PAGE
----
The Game Crafter is a website that launched in 2009 as a means to allow independent game designers to self-publish their games. You upload files, you pay for the bits, you sell it in their marketplace. It was a pretty cool concept that I thought about trying out, but was only hampered by the lack of a good idea. Still, they have published thousands of games – some good, some not-so-good. One TGC production, Jump Gate, won the Games Magazine 2011 Game of the Year (a choice that raised more than a few eyebrows). Another publication, Flash Point, got picked up by Indie Boards and Cards and is now being published as:
Flash Point: Fire Rescue was designed by Kevin Lanzing. It’s a cooperative fire rescue game for 1-6 players aged 10 and up, and takes around 45 minutes to play. The game is currently on Kickstarter, and has raised over $29,000 to date (the original goal was $5,000). If you want to get involved, you’ve got until Thursday August 18 at 12:04 pm EDT. If they make it to $30,000, anyone who pledged $45 or above gets some custom fireman meeples (as of this posting, they’re only $208 away). The object is of FPFR is to rescue people from inside a burning building.
This game comes with 6 firefighters; 33 threat markers; 18 POI (points of interest) markers, made up of 12 victims and 6 false alarms; 24 damage counters; 8 door markers; 21 action markers; 3 heal markers; 6 Hazmat markers; 24 hot spots; 8 specialist cards; 6 player cards; a red d6; a black d8; and 3 vehicles (ambulance and fire engine). The game has two levels of rules – the family game and a more experienced game. I’ll try to cover both here.
At the start of the game, the board is seeded with fire markers (pre-established in the family game, randomly determined in the advanced game). Victim and false alarm markers are placed around the board, face down so no one knows which is which. Players each get a firefighter that goes on any space around the board. In the experienced game, each firefighter is a specialist – this is like the roles in Pandemic. I’ll talk a little more about those later when I get to the advanced rules. For now, I’ll just talk about the family game.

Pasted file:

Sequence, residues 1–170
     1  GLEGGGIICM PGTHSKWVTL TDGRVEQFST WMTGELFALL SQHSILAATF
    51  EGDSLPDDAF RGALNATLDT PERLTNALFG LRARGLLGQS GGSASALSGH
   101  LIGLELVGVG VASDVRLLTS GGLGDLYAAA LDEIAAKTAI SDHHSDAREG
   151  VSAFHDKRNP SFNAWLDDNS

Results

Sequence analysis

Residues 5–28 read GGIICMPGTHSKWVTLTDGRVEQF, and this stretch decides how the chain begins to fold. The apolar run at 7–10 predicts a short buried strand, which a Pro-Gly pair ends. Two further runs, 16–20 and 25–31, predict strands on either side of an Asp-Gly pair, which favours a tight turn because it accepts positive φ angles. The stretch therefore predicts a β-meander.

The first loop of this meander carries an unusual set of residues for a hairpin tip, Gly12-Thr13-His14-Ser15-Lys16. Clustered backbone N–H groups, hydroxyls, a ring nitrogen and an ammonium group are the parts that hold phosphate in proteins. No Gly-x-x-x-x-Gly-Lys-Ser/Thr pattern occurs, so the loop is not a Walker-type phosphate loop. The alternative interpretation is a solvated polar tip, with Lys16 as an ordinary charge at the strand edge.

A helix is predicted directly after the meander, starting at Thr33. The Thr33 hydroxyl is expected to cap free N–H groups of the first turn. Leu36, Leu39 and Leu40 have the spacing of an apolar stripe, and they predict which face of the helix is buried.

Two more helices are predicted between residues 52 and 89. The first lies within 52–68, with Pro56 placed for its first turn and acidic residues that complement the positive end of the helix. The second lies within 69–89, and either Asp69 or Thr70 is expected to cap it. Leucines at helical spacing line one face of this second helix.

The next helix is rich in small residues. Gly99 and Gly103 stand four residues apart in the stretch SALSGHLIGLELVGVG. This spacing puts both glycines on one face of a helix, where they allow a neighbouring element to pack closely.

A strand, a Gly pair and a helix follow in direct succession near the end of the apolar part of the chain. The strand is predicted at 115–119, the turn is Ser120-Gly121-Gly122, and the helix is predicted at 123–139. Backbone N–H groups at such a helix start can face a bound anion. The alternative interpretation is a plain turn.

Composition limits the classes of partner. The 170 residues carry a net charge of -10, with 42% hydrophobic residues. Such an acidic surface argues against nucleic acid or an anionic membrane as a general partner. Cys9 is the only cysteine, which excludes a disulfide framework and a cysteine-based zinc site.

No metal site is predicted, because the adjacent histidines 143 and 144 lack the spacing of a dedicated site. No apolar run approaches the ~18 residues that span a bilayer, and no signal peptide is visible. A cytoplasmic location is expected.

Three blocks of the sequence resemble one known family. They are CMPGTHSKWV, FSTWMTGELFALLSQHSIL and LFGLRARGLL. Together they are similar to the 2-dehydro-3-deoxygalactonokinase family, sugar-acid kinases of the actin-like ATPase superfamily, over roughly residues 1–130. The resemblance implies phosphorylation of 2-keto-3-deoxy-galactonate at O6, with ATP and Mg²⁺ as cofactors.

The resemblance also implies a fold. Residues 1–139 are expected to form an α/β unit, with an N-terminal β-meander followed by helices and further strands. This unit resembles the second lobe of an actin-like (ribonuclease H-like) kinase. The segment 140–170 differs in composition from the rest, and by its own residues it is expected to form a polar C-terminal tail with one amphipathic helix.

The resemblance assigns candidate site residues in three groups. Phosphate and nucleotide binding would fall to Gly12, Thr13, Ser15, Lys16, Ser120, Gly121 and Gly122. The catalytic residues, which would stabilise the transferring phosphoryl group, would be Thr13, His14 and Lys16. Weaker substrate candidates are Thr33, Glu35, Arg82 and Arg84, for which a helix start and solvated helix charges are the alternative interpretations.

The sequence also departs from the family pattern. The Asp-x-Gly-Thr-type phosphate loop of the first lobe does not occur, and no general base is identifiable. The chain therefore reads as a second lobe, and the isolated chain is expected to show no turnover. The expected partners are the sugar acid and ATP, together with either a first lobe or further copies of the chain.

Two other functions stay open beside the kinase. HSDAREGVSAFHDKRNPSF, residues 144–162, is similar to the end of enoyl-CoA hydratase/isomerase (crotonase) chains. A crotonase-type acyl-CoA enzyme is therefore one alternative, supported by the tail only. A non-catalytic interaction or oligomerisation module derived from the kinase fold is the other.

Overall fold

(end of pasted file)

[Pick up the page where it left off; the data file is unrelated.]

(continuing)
On a turn, a player goes through three phases: take action, advance the fire, replenish POI markers. During the first phase (Take Action), you have four action points to spend. You can move into an open or smoky space for one AP, or a space with fire for 2 AP. If you’re carrying a victim, it costs 2 AP to move into an open or smoky space. You can’t end in a space with fire, nor can you carry a victim into fire. If you ever move to a space containing a POI marker, you flip it over. False alarm tokens are moved to the rescued space. Victims must be carried out. As soon as you leave the building, you put them in the rescued space.
If you come to a door, you can open it or close it for 1 AP. You can also try to extinguish a fire or smoke in an adjacent space. It costs one AP to turn a fire into smoke, and another to eliminate the smoke token from the board. You can also chop down a wall for 2 AP, placing a damage token on the wall. Two damage tokens means the wall is destroyed, and destroyed walls can be moved through for one AP. If you ever run out of damage markers, however, the building collapses and everyone inside dies horrible.
The next phase is Advance Fire. Roll the d6 and d8. This gives you the row and column in which you must place a smoke marker. If there’s a smoke marker already there, it becomes a fire. If there’s a fire adjacent to the smoke you placed, it becomes a fire. If there’s a fire marker on the space where you’re putting your smoke, there’s an explosion. Explosions radiate out in four adjacent directions, placing a fire marker in each, replacing smoke markers that may be present. Damage counters are placed on the walls in between spaces. If one of the fire markers goes on a space that’s already on fire, there’s a skockwave. The first continues in its direction until it comes to an open space (which catches fire), a space with smoke (which turns into fire), a non-destroyed wall (which gets a damage marker), or a closed door (which is removed from the board).
After you’ve advanced the fire, you need to check for secondary effects. All smoke that is next to fire turns into fire. Any victims in rooms that are on fire are lost. Any firefighters in rooms that are on fire are knocked down and taken off the board to the nearest ambulance parking space.